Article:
The downside to GamePass is it is only available to people outside the United States but you can use a VPN service to get around it.

I've looked into streaming these games, but nothing really worked out the way I wanted it to. If I make it happen, it would only be available to a few select people.
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Old 03-03-2013, 11:52 PM   #61
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Anyone else use NFL GamePass? I started using it 2 seasons ago and I absolutely love it. The quality of the games are amazing and never experience lag/buffering problems. It is quite pricey, but they have a team only package which is a tad bit cheaper than the full season.

The downside to GamePass is it is only available to people outside the United States but you can use a VPN service to get around it.

I've looked into streaming these games, but nothing really worked out the way I wanted it to. If I make it happen, it would only be available to a few select people.
NFL Ticket is available through PS3 and I would assume through PS4 in the future. Also can watch NHL games through gamecenter. Plus I can go back and watch old games. So with that, cable/directv is worthless to me.

As Drek mentioned, HULUPlus and Netflix are getting more content for shows.
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Old 03-04-2013, 04:15 AM   #62
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Does anyone else find it near impossible to use Netflix on a Friday or Saturday night? "Loading, please wait" and HD content getting reduced to crap quality are the two things stopping me from dropping cable. I supposedly have the fastest internet FIOS has to offer.
FIOS is still built on DSL's hub structure. You're likely seeing peak usage in your neighborhood at those times and as a result the hubs in your area are getting overcrowded.

Make sure your viewer for Netflix is hard wired if you want optimal quality, and don't have any other secondary bandwidth hogs running (torrent, downloads, etc.).

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As Drek mentioned, HULUPlus and Netflix are getting more content for shows.
So is Amazon Prime. They signed a deal to be the only online streamer of FX's popular show Justified a little while back and just recently became the first streaming partner for the Scripps family of networks (FoodTV, Travel Channel, HGTV, etc.).

Amazon is starting to push into the subscription based streaming market with a bit more force now. That will only spark a bidding war between them and Netflix. As their memberships go up the major networks will be forced to respond by improving Hulu Plus' lineup. It's a slippery slope they're already set down.

Hulu Plus adding CBS, despite it being only old programming for the most part, is already a sign of this. CBS has been notoriously anti-streaming/internet tech. For them to jump in now shows a changing of philosophies in the industry. With Comcast's recent finalized buyout of NBC from GE it initially seemed like a threat to Hulu's continued existence. Instead Comcast's CEO talked extensively about needing to move towards an expanded internet based service.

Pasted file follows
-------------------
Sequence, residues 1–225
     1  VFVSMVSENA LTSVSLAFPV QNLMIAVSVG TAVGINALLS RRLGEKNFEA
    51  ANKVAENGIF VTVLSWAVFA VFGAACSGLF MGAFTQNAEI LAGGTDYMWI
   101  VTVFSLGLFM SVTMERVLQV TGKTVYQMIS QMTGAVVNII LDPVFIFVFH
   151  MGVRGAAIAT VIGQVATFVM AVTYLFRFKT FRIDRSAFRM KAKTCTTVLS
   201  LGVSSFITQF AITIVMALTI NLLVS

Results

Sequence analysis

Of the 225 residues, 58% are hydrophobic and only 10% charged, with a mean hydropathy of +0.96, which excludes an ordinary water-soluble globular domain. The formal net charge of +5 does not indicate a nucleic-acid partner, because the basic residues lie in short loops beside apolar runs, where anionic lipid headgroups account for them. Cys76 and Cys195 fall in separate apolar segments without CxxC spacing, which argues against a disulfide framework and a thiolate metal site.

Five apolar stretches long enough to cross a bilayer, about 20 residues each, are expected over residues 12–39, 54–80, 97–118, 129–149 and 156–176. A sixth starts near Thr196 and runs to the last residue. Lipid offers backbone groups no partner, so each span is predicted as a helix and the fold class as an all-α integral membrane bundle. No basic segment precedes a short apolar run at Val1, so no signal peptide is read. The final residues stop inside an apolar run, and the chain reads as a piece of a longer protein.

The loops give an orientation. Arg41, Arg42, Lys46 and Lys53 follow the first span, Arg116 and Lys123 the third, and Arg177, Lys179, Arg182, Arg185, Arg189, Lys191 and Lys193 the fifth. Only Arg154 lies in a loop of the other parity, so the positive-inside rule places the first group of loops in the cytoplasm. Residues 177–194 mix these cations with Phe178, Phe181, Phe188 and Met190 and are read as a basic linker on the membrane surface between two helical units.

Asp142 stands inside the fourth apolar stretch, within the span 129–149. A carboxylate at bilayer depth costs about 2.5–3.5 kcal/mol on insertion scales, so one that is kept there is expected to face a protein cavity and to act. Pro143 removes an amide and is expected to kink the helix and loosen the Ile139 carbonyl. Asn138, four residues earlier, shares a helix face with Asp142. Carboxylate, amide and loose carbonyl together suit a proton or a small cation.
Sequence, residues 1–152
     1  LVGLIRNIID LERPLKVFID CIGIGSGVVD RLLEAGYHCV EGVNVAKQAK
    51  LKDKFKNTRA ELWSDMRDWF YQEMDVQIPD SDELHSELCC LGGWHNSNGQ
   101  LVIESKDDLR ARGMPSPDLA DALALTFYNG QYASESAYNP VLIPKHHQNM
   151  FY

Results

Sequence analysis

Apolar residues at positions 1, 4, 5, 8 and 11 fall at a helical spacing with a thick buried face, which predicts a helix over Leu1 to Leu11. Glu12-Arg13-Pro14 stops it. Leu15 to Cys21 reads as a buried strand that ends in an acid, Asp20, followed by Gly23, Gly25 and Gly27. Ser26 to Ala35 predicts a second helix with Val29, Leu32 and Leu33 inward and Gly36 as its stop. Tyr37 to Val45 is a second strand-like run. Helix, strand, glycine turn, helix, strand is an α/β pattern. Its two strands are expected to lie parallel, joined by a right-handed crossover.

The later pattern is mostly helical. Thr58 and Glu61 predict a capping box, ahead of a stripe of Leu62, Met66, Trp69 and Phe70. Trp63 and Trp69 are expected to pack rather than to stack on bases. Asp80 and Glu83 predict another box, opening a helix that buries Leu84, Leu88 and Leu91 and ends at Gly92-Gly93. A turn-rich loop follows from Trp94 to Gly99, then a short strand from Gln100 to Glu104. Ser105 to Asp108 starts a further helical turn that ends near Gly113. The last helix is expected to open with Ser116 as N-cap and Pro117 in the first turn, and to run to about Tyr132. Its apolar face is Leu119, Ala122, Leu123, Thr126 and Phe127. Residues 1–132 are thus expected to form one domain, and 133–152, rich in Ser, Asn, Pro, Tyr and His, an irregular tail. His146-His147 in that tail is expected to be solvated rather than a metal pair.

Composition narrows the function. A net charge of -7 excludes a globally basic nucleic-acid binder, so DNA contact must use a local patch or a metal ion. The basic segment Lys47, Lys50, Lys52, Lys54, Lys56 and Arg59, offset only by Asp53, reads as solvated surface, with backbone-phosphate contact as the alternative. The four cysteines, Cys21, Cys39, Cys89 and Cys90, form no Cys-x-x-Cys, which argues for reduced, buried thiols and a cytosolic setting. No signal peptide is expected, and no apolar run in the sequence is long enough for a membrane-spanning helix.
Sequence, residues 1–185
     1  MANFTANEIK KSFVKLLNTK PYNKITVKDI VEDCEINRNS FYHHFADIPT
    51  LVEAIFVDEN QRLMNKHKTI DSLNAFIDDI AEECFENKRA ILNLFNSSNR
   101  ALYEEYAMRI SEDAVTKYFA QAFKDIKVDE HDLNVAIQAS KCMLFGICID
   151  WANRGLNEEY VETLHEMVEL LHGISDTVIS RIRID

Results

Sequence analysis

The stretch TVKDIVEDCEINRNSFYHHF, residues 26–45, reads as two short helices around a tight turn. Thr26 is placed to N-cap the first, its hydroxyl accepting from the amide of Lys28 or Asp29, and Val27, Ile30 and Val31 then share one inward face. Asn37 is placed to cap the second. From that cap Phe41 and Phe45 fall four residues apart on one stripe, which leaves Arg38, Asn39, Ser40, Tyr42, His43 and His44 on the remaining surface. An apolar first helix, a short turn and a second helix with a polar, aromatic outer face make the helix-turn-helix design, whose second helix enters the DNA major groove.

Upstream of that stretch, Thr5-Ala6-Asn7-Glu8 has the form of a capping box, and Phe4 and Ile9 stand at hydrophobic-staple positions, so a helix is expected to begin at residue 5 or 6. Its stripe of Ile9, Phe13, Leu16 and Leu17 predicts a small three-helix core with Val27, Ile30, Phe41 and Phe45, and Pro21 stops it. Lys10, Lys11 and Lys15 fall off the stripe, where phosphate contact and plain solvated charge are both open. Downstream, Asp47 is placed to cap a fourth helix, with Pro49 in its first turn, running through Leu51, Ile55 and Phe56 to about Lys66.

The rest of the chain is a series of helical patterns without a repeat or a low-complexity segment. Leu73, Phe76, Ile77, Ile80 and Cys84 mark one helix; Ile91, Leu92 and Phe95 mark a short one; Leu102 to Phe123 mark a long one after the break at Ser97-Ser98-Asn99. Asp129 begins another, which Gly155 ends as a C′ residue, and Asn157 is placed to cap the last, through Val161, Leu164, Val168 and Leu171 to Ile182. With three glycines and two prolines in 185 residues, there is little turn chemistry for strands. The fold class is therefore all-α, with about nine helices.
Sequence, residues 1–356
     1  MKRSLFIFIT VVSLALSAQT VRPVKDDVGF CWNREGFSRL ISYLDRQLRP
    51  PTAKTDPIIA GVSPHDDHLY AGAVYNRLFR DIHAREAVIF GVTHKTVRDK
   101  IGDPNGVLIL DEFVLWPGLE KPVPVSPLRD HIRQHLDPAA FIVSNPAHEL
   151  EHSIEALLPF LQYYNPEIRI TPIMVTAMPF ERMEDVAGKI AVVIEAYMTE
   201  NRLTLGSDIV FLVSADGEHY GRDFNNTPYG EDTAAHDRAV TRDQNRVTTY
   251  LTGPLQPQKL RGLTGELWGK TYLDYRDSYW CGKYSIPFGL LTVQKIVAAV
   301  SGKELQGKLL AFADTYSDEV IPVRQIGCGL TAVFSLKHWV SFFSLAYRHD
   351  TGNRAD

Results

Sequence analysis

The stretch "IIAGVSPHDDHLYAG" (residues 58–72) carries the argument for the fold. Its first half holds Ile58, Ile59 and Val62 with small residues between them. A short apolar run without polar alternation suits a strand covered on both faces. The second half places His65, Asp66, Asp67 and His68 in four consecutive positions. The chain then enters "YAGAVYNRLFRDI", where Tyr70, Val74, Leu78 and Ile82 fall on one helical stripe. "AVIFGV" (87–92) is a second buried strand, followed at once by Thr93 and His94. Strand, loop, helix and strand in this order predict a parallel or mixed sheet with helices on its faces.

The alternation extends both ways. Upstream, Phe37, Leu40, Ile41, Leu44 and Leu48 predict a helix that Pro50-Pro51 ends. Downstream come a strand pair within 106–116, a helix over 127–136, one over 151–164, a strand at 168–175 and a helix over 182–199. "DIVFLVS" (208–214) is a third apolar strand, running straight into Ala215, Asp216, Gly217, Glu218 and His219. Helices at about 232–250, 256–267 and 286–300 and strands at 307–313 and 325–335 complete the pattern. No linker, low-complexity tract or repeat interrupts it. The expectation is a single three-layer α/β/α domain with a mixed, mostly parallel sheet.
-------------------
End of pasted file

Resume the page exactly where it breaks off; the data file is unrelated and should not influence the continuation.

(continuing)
It makes sense for them. If they are a dominant ISP (which they already are) it is far cheaper to run a single physical service to consumers (internet service) and move them into cloud based services for everything else.
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Old 04-08-2013, 11:06 PM   #63
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Default Broadcasters worry about 'Zero TV' homes

LOS ANGELES (AP) Some people have had it with TV. They've had enough of the 100-plus channel universe. They don't like timing their lives around network show schedules. They're tired of $100-plus monthly bills.

A growing number of them have stopped paying for cable and satellite TV service, and don't even use an antenna to get free signals over the air. These people are watching shows and movies on the Internet, sometimes via cellphone connections. Last month, the Nielsen Co. started labeling people in this group "Zero TV" households, because they fall outside the traditional definition of a TV home. There are 5 million of these residences in the U.S., up from 2 million in 2007.

Winning back the Zero TV crowd will be one of the many issues broadcasters discuss at their national meeting, called the NAB Show, taking place this week in Las Vegas.

While show creators and networks make money from this group's viewing habits through deals with online video providers and from advertising on their own websites and apps, broadcasters only get paid when they relay such programming in traditional ways. Unless broadcasters can adapt to modern platforms, their revenue from Zero TV viewers will be zero.

"Getting broadcast programing on all the gizmos and gadgets like tablets, the backseats of cars, and laptops is hugely important," says Dennis Wharton, a spokesman for the National Association of Broadcasters.